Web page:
Philip Schrag writes:
The asserted combination of very high debt repayment obligations and, for most law graduates, salaries that are far below those offered by large corporate law firms, are at the heart of Tamanaha’s warning that “law school is not a secure path to financial security.” The future of the employment market for lawyers is, of course, cloudy, though many experts think that the prospects for the Class of 2011 represented the bottom of the curve and that there will be some recovery in the years to come.
It’s good news if experts are correct that the market is about to recover, but just how is the legal sector doing exactly? In fact, the Bureau of Economic Analysis revised its data on America’s National Income and Product Accounts in November, which is what I prefer over experts, who, honestly, I suspect are only interested in the bond market to large law firms. Not saying they’re wrong, but I trust government data to give the broad picture. Last year, I wrote about the budding recovery in demand for legal services in 2010. Turns out the BEA revised it negative. Very negative.
And as I’ve argued for a while now, the legal sector has not kept up with the U.S. Economy.
Maybe the BEA will revise 2011 upward next year?
The nagging question is how much of the Great Law Depression is cyclical and how much structural? To the extent it’s cyclical, a lot of people who’ve graduated from law school in recent years would have had jobs but don’t, and to the extent it’s structural, a lot of people never would have had lawyer jobs. Depending on how much the price level of legal services changed over this time period, here are a few projections:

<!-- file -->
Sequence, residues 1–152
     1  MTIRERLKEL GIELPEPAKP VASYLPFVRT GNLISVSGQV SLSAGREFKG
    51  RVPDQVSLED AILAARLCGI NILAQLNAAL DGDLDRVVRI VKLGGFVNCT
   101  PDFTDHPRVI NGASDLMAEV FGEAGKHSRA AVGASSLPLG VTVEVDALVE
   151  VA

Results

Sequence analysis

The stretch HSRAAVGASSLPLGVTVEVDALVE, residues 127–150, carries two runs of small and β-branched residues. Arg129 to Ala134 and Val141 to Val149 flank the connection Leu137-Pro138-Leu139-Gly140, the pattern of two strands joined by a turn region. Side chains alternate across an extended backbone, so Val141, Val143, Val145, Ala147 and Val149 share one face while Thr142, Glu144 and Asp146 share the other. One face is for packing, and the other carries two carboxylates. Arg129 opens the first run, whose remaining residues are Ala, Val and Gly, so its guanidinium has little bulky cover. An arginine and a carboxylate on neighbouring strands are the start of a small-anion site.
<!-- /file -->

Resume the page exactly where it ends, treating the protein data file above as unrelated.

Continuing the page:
The conservative estimate says it’s down $25 billion in output, but if the recession caused the rise in the legal sector deflator, then it should be 40 percent higher than it really is. Here’s what I mean.
While it’s tempting to believe the price increases over the inflation rate over the decades is due to greedy lawyers (or student loan debt), it probably has more to do with income elasticity of demand for legal services. Put simply, people spend their last dollars on legal services, not their first. People who are too poor to buy land don’t need wills; people who don’t get married can’t afford a divorce; and people who get arrested and can’t afford a lawyer will use a public defender. Fabulously wealthy corporations, by contrast, can always waste money on lawyers, just not enough to employ everyone who has a JD. This is a minor theme of this blog: Those who want more affordable legal services for the poor are well advised to either pay for it out of their taxes or fight poverty directly. Forcing lawyers to do more pro bono work or shaming them into opening doomed practices simply will not work.
As for the total compensation of jobs in the legal sector, it’s not been very good either:
Of course, this uses the GDP and legal sector deflators, so the comparison might be inaccurate because the purchasing power of employee compensation should be the same regardless of what sector the employee happens to be in. Just using the GDP deflator, here’s what it looks like going back to the Depression.
(Table 6.2 A-D)
The legal sector’s total compensation pool has still not been positive in recent years, so I’m incredulous that grads with even higher debt levels will higher incomes than in the past.
Speaking of employment, the BEA tracks that too:
(Table 6.4 A-D (Dip in 2000 due to Census data change))
According to the BEA, “persons engaged in industry” is the sum of full-time and part-time employees and self-employed workers, which indicates that the uptick in 2011 is exclusively in the self-employed. I’m not sure how reliable this estimate is, but it’s not a good sign for future law school graduates.
So, if the legal sector is set to rebound as the experts say, it has a very, very long way to go. It’s certainly not a persuasive reason for people to go to law school now at current prices.